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December 2009: Second Snowiest on Record in the Northern Hemisphere

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Monday , January 11th, 2010

December 2009: Second Snowiest on Record in the Northern Hemisphere Snow 1  668045a

England Buried In Snow – image from The Times

According to the Rutgers University Global Snow Lab, last month had the second greatest December Northern Hemisphere snow cover since records were started in 1966.  Snow extent was measured at 45.86 million sq. km, topped only by 1985 at 45.99 million sq. km.  North America set a record December extent at 15.98 million sq. km, and the US also set a December record at 4.16 million sq. km.

December 2009: Second Snowiest on Record in the Northern Hemisphere click for interactive source 

 

December 2009: Second Snowiest on Record in the Northern Hemisphere

Source: December Snow Cover from Rutgers University

December 2009: Second Snowiest on Record in the Northern Hemisphere

Source: December Snow Anomalies from Rutgers University

  • A d v e r t i s e m e n t

December 2009: Second Snowiest on Record in the Northern Hemisphere 040110banner2

This is not an isolated event for 2009, as can be seen in the graph below.  Seventeen of the last twenty-one Decembers have had above normal snow cover.

December 2009: Second Snowiest on Record in the Northern Hemisphere

Source: December Snow Cover Anomalies from Rutgers University

Nor is it an isolated trend for the month of December.  January, 2008 was the second snowiest January on record, and six out of the last eight Januaries have had above normal snow.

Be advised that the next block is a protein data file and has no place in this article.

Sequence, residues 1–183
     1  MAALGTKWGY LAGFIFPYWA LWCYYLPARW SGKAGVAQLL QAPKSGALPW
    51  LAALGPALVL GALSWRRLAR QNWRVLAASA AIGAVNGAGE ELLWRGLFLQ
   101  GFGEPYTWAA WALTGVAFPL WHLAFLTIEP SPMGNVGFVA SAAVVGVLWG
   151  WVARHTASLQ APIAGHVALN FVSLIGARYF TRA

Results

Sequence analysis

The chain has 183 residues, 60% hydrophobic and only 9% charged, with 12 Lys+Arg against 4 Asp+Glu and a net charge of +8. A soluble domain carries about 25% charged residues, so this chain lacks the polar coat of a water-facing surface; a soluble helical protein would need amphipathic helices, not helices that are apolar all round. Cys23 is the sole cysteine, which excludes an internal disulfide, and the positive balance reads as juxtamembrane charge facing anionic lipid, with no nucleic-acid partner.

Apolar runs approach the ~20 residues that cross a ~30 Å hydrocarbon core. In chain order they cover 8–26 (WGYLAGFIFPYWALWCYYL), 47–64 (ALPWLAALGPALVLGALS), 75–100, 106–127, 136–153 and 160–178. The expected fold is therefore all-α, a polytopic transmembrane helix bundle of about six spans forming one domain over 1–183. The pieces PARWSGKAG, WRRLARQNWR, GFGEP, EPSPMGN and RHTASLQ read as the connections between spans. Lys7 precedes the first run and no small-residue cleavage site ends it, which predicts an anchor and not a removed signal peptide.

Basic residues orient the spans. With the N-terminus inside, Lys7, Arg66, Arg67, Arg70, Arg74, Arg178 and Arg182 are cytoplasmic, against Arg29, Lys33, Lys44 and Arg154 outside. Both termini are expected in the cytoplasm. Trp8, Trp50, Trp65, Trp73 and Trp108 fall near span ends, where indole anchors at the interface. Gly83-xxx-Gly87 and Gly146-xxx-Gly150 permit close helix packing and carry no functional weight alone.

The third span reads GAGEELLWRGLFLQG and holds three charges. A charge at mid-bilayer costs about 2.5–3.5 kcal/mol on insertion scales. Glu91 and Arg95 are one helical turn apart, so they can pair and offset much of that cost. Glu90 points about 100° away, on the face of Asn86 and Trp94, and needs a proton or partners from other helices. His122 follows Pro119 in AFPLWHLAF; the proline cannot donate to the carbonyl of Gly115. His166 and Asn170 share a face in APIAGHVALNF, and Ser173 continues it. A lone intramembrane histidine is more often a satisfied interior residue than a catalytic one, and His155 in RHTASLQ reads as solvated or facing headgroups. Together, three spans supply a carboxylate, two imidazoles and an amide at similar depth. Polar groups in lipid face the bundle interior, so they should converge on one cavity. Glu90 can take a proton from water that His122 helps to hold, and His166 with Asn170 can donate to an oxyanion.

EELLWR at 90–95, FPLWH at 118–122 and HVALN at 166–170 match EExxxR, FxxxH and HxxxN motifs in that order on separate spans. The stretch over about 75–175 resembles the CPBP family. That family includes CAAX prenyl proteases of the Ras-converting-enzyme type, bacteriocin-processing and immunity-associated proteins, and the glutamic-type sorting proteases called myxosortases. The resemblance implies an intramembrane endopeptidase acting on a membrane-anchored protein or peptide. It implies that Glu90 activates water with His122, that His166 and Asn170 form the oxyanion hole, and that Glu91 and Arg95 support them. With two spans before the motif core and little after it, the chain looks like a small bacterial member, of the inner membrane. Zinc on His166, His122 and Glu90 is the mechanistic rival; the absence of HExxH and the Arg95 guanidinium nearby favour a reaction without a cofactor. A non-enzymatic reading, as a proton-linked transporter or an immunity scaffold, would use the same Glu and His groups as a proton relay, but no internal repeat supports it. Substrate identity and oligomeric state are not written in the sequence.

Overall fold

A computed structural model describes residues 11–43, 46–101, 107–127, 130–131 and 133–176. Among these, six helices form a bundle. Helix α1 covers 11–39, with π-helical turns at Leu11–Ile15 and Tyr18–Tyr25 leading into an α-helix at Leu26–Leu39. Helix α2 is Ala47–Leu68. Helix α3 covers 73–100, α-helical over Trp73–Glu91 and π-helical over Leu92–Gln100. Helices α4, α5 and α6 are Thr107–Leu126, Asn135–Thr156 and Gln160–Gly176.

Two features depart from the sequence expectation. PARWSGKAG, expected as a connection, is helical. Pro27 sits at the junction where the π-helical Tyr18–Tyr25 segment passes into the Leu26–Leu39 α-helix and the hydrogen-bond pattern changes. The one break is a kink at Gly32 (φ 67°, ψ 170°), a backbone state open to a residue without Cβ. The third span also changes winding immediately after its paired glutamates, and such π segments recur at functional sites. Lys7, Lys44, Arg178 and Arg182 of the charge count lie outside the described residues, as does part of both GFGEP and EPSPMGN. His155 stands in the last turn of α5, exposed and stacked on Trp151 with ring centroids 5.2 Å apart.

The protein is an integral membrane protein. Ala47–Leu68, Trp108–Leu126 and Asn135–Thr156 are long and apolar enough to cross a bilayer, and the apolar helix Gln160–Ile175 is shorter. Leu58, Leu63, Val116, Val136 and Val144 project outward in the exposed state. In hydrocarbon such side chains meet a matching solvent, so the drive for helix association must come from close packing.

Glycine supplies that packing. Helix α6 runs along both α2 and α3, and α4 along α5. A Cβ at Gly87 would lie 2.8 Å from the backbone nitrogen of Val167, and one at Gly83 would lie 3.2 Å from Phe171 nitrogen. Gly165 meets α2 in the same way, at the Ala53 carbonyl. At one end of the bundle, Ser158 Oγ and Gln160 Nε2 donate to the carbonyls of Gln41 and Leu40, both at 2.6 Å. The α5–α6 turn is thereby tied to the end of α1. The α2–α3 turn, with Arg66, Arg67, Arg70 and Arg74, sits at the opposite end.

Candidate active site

December 2009: Second Snowiest on Record in the Northern Hemisphere

Source: January Snow Cover Anomalies from Rutgers University

October, 2009 was the snowiest October on record in the US, and sixth snowiest in the Northern Hemisphere.  Twelve of the last fifteen Octobers have had above normal snow cover in the Northern Hemisphere, similar to the pattern of the 1970s.

December 2009: Second Snowiest on Record in the Northern Hemisphere

Source: October Snow Cover Anomalies from Rutgers University

A favorite mantra of the global warming community is that reduced snow cover will reduce the albedo of the earth and provide positive feedback to global warming – causing additional warming.  Clearly that is not happening, at least not during the October through January time period.

2010 is also getting off to a fast start.  Most of Europe and North America is covered with snow, as is much of Asia.

December 2009: Second Snowiest on Record in the Northern Hemisphere

Daily Snow Cover from Rutgers University

This article was posted: Monday, January 11, 2010 at 5:39 am





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